Israeli Not-Yet-Independence Day:

Bowl by Lia Rosen of New Mexico . See

HaTikvah: "The Hope," Not Yet Fulfilled

From sunset on April 15 till sunset of April 16 is the day that in Hebrew is called “Yom Ha’Atzma’ut,” usually translated “Israeli Independence Day.”

I am writing with some thoughts about how to observe this day, keeping clearly in mind as we do two major shadows upon its celebration.

One is a warning from the Torah, to which we shall return.

The other is our awareness that for many Palestinians this day is a day of disaster, the Naqba, when from their point of view the shattering of their society began.

Can we hold two emotions and two realities in our hearts and minds at the same time? Even in the highest joy of a wedding, Jews pause to shatter a glass so as to mourn the truth that the world is broken. Even in the midst of our celebration of freedom in the Pesach Seder,  Jews pour wine from our cups to mourn the disasters that befell our oppressors in Egypt and their innocent children.

 Can we celebrate and grieve at the same time? Can we celebrate the emergence of an Israel committed at the start to equality for its Jewish and Palestinian citizen-communities as well as to a special relationship with Jewish history, Jewish values, and the Jewish people -- while mourning the truth that Palestinian society was deeply wounded in the process of creating Israel?

Can we celebrate the aspects of Israeli society that did give new energy to some Jewish values, while vigorously opposing the oppressive military occupation that has perverted Jewish values by preventing the emergence of a free sister state of Palestine?

Can we assert that The Hope expressed in the anthem HaTikvah, of a free Jewish comnmunity living in its storied, memoried land, cannot be fulfilled in freedom till the Palestinian people has a state of its own as well, living free and peaceful alongside Israel? That till then, The Hope curdles on the tongue that sings it?

These “political” danger-flags (read, “spiritual” dangers that face an entire society, not merely individuals) are cut from the same cloth as poignant warnings in this passage of the ancient Torah:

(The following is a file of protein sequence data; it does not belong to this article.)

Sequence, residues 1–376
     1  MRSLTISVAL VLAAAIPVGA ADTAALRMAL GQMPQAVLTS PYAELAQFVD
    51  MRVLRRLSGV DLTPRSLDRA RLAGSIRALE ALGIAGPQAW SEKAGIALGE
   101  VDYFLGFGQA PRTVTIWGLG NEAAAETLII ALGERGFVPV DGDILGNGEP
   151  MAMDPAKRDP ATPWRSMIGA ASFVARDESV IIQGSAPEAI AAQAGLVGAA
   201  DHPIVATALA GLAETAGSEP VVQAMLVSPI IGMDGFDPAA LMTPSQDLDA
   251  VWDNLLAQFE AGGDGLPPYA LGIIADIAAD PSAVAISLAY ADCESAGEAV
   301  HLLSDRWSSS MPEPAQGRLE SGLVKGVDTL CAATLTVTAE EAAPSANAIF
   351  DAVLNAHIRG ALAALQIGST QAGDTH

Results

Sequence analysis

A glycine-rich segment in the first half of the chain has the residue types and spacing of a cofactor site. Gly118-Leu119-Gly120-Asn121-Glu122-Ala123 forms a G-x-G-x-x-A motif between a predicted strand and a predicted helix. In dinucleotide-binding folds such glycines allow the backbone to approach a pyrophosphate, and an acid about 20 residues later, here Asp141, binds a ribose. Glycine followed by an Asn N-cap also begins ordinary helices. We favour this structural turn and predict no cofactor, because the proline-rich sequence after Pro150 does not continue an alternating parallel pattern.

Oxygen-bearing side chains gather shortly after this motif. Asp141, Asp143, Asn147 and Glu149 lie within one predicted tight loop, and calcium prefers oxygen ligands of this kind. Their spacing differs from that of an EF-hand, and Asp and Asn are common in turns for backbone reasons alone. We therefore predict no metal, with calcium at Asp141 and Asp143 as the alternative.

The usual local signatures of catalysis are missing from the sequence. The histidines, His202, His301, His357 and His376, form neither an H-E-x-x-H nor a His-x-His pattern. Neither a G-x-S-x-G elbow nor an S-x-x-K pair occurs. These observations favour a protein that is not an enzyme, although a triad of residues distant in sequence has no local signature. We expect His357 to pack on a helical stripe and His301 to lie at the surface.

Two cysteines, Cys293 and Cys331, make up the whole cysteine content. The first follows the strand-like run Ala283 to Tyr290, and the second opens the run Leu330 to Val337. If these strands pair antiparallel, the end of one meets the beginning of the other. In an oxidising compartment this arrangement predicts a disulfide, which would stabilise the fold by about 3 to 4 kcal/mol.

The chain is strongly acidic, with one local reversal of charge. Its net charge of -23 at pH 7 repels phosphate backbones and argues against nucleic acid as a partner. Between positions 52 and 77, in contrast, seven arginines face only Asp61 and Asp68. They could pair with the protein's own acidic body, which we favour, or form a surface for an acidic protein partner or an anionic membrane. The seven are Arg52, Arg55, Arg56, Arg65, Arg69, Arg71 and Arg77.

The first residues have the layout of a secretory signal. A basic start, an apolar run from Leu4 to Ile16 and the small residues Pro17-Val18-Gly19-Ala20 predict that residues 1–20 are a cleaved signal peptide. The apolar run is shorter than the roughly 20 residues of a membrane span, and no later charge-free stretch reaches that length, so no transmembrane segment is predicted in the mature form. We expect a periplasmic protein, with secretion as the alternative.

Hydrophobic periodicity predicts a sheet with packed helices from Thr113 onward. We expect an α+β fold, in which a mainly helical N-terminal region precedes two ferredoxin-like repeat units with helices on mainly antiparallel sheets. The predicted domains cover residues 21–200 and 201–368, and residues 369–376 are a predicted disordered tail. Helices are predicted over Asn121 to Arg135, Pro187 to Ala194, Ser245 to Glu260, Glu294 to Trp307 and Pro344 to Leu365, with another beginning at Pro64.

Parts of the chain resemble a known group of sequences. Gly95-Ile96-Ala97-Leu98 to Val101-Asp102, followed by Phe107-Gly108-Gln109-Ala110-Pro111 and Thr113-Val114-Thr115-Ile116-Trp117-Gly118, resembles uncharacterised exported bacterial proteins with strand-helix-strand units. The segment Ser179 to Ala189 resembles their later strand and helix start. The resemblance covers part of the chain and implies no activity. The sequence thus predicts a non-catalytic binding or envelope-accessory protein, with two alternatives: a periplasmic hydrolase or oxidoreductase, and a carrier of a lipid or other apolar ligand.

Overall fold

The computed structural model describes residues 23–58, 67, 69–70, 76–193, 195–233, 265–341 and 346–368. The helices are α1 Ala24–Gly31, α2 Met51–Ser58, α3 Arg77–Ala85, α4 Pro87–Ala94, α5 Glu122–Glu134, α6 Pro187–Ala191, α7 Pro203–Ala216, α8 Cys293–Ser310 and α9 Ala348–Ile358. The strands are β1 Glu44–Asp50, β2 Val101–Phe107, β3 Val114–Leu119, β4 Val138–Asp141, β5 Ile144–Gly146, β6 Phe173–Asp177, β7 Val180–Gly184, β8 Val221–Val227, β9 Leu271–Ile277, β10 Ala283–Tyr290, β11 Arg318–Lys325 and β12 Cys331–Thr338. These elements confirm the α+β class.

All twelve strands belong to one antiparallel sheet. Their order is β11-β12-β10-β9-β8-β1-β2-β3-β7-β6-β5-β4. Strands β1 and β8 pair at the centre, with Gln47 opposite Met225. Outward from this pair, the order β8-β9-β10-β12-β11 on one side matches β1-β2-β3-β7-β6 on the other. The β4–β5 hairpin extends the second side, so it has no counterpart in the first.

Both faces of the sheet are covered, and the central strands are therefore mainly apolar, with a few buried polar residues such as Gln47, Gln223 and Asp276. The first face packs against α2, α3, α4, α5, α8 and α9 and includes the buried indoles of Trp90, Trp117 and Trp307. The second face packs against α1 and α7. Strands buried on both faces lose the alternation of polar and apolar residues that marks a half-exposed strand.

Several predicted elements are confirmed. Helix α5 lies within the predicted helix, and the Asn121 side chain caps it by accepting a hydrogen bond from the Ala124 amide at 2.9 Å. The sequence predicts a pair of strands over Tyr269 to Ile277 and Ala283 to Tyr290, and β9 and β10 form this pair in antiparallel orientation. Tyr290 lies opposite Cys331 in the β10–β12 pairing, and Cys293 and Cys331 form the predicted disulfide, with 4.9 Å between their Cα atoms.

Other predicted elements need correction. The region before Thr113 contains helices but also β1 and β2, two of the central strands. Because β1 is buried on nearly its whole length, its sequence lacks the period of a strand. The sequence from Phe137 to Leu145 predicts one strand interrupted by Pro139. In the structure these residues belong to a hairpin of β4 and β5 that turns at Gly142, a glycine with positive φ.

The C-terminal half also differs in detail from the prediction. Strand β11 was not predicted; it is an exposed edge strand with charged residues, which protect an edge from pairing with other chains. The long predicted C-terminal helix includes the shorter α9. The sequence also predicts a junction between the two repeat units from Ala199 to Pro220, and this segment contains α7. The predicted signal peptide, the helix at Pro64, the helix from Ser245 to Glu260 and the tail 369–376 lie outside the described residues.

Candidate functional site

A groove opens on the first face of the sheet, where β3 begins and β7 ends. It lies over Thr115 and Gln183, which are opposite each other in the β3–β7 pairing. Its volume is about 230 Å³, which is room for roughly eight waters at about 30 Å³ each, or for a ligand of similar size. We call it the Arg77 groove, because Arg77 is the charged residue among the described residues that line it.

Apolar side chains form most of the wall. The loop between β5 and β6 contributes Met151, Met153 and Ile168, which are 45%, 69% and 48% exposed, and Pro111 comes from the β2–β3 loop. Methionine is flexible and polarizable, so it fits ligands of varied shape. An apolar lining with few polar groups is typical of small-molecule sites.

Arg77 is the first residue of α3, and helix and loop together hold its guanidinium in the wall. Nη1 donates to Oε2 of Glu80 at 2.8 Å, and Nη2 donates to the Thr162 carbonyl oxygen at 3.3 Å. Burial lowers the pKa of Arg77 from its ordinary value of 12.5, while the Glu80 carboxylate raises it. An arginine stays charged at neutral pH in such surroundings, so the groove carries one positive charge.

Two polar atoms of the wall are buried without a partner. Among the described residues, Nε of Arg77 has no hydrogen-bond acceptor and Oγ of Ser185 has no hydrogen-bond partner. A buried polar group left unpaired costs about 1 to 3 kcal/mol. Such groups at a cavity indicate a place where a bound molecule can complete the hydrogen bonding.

‘(This translation is by Everett Fox, whose The Five Books of Moses [Schocken, 1995] is the best effort to deliver the word-plays and breathing patterns of the Hebrew into English.  The broadening of God’s gender and the insertion of “Yahh” or “YyyyHhhhWwwwHhhh” or “Interbreathing of all life,” etc. after “YHWH” are my own.)

Deuteronomy 8: 7-20

 When YHWH [Pronounce by breathing YyyyHhhhWwwwHhhh]

 [The Interbreathing-spirit of all life, The Hurricane of Change]

your God

brings you into a good land,

a land of streams of water, springs and ocean-flows,

issuing from valleys and hills;

 a land of wheat and barley, (fruit of the) vine, fig, and


a land of olives, oil and honey,

---a land in which you will never eat bread in poverty;

you will not lack for anything in it --

a land whose stones are iron,

and from whose hills you may hew copper:

When you eat, and you are satisfied,

you are to bless

YHWH [Yahh ] your God

for the good land that S/He has given you.


lest you forget YHWH your God,

by not keeping the commandments, the regulations, and the laws

that I command you today,

lest (when) you eat and are satisfied,

and build goodly houses and settle (there),

and your herds and your flocks become-many

and silver and gold become-much for you,

with all that belongs to you becoming-much ---

that your heart become haughty

and you forget YHWH [The Interbreathing of all life] your God,

the one who brought you out from the [Tight and Narrow] land of Egypt,

from a house of serfs

Now should you say in your heart:

My power and the might of my hand have produced all this

wealth for me;

then you must bear-in-mind YHWH [Yahh] your God,

that S/He was the one who gave you the power to produce wealth.

in order to establish His covenant that She swore to your forebears, as